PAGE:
Me: I was just telling this woman that I was put on some reservations list. If you could just point me in the right direction, I am sure we can get this straightened out.

Butch: Look, I do know what you are talking about, but we messed up. All of the tickets have been distributed. Sorry about that. You really should wait on line before it gets any longer.

[Connie feels sad, dejected, and a little dumb]

Butch: [beat] Wait. Don’t tell anyone. Go in. If anyone asks, you are a VIP.


In I go without a care in the world. Everyone is bubbling with enthusiasm, and a bit high from the cold weather. I met a number of awesome folks who were crazy excited to be there. It really was wonderful. Music was blaring, strangers were joking, and people were sharing accessories with one idiot who did not come dressed in arctic appropriate gear. By the time the main event takes the stage, everyone was insane with excitement. At this moment, a dude takes advantage of the requisite crowd press to stand directly in front of me. My enthusiasm dims slightly, albeit briefly.

Now I understand that tall people have every right to be there, just as much as we short people do, but really. As soon as Mr. Obama took the stage, he decided that he wanted to be right in front of the girl who was 5’1″. He is literally head and shoulders above most of the crowd. Then he decided that he wanted to put his kid up on his shoulders. To be honest, there was so much delightfully wasp-ish passive aggressive sotto voce grumbling going on, I couldn’t be too upset. A nice woman said that I could stand by her.

Problem solved.

The morning began with a woman singing a beautiful rendition of the “Star Spangled Banner.” Apparently she had been singing one too many times at sporting events. At the “O’er the land of the free” line, she paused. She was expecting the usual cacophony that usually breaks out, but instead, there was a solemn silence. In response to the silence, she giggled as did everyone else. You better believe that she got one heck of an ovation when she finished.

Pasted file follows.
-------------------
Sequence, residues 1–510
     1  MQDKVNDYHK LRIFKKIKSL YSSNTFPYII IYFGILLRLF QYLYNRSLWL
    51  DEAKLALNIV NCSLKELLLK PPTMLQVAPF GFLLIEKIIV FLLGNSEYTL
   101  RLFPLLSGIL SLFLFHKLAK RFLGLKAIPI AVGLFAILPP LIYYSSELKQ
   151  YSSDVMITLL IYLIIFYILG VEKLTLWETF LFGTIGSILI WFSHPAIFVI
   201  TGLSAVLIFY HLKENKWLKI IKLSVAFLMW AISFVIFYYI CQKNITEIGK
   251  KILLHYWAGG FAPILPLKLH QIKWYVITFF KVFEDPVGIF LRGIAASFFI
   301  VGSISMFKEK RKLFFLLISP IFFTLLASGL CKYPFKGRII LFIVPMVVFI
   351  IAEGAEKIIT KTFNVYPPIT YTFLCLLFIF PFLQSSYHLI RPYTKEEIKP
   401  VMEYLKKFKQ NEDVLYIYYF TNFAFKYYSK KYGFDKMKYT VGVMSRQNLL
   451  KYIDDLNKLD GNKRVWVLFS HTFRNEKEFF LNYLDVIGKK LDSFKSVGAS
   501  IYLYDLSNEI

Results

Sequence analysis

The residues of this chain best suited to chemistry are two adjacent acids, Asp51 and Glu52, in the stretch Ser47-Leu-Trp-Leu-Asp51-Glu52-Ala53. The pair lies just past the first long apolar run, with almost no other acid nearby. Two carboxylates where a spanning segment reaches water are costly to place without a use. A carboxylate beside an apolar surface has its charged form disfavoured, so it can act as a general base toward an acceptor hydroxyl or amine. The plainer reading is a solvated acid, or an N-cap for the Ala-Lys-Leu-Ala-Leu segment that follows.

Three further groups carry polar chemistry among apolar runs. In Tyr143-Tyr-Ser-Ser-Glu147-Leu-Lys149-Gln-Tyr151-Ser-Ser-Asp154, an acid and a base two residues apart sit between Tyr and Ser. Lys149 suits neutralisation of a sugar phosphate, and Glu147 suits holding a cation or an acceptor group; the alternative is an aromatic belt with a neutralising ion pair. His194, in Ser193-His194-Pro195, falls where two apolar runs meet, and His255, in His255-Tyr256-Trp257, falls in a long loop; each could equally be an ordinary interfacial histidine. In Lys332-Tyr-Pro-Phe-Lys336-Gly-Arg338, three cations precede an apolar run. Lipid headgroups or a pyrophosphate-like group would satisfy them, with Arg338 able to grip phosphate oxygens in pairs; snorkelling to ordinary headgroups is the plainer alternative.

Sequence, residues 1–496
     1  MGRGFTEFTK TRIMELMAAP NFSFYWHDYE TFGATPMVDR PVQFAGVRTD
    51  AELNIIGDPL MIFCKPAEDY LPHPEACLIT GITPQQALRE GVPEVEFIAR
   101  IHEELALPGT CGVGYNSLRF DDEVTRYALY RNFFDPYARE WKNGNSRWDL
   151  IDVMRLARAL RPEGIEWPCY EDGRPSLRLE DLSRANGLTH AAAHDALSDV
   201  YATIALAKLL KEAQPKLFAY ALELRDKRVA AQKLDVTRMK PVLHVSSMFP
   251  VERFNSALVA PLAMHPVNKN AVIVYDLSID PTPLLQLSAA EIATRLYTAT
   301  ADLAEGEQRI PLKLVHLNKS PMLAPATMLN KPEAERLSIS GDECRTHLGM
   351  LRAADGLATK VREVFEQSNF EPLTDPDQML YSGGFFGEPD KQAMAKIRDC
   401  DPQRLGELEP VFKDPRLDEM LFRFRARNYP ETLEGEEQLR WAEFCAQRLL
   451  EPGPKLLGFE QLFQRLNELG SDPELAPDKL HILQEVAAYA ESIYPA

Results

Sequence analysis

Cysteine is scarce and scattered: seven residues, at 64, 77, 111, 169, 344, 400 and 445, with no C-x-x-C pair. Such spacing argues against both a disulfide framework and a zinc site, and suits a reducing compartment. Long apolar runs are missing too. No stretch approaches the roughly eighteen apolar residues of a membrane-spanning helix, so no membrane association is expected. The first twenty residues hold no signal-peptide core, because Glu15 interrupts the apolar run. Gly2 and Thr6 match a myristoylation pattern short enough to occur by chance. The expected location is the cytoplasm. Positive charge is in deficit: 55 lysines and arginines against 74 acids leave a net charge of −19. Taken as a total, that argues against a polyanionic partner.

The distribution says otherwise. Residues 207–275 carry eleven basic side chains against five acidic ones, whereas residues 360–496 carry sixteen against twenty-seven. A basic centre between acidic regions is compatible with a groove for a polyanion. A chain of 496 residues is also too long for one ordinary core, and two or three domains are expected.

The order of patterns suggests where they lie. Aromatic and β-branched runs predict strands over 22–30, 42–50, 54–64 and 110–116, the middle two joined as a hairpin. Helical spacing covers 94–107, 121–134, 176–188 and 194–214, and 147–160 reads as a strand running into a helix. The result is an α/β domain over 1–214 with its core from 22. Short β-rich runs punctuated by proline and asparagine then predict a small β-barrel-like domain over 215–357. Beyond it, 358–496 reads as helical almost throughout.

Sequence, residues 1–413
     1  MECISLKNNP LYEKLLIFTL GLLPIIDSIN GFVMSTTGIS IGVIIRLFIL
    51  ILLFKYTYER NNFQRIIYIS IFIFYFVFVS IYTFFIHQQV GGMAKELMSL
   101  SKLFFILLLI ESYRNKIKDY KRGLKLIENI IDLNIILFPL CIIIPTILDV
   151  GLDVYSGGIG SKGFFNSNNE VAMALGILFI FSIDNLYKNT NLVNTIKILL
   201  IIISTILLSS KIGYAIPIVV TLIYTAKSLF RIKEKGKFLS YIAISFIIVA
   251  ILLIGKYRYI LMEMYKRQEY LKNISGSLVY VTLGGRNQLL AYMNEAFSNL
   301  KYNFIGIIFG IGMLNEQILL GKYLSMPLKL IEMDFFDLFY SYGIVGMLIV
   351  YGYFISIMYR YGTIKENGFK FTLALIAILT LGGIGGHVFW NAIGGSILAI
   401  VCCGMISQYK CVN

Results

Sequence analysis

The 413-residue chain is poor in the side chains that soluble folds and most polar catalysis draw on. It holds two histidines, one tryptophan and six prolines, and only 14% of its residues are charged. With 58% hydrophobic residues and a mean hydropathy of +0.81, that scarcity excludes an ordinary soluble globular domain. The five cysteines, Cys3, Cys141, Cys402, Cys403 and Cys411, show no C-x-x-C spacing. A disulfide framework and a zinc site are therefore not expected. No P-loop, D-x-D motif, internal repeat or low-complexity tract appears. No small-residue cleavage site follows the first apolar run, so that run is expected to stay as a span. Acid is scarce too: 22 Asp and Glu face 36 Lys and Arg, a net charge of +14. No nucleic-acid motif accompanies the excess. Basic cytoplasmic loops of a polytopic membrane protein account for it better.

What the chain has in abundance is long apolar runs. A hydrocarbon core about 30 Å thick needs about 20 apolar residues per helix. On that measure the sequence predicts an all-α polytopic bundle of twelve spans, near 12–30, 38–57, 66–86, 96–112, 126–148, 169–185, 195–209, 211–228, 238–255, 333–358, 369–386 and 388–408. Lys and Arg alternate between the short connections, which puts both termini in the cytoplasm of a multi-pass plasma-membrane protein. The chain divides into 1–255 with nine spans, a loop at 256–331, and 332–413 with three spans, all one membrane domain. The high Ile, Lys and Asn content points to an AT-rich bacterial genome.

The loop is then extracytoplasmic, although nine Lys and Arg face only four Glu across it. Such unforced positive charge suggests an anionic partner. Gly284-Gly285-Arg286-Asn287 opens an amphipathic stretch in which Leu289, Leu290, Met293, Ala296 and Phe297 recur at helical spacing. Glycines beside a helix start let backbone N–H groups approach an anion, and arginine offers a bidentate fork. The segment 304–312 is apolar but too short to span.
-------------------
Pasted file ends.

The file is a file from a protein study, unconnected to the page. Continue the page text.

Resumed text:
Following a local gospel choir, Illinois Senior Senator Dick Durbin came up to say a few words. Thankfully, he comes from the school of “give the people what they want and don’t start stumping.” He was brief and to the point. Definitely the kind of Senator that no nonsense Illinoisans love. He introduced Mr. Obama to U2’s “City of Blinding Lights” blaring. For those of you that missed it, you can catch it here.

There were chills that had absolutely nothing to do with the weather.


Barack began, “Let me begin by saying thanks to all you who’ve traveled, from far and wide, to brave the cold today. We all made this journey for a reason. It’s humbling, but in my heart I know you didn’t come here just for me.” If you listen very carefully, you can here me yell “Yeah we did!” Part of history, baby!

In all seriousness, it was absolutely amazing to be there. I can’t say enough things to reflect my awe of this man, but suffice it to say, I honestly felt that I was witnessing the first steps of the next president. Oh darn. Is my enthusiasm showing? Well great! I haven’t felt this kind of wide-eyed enthusiasm for the future of politics since my misguided foray into the world of Nader back in 1996. And now, 10 years later, a wiser and cynical Connie can see a light at the end of the tunnel. Audacity of Hope? Well, watch out world, because it is contagious.

After Barack’s speech, nobody was ready to go. There was a buzz in the air, and everyone was kind of hoping for a spontaneous rally. Maybe a pep talk from one of the many politicos on hand. Perhaps a word about Baracking the Vote from Clooney. Anything. Instead, that was it. Music was blaring, and people were dancing in the shadow of the Old Capitol.

rod.gifThe mikes were off, and nobody was up on the stage. Then, there was a bit of cheering. Dick Durbin came down to shake a few hands and hightail it to somewhere warm. A few more folks made there way through the crowd to sprinkled cheers. Not to be outdone, Governor Rod Blagojevich followed suit. In a moment that was at once brilliant and completely Springfield, somebody said, “They sent out Rod. They must really want us to go home.” Following that statement, everyone turned around and exited in an orderly fashion.

And that, my friends, was my morning in Springfield. The afternoon, well that is another story.

[1]Unlike the rest of us, the press corp was allowed to bring beverages into the event. Following the event, the entire press ghetto was a mess. There was garbage everywhere. Seriously, the place looked like the morning after Taste of Chicago. Vast right wing conspiracy, or just a bunch of slobs?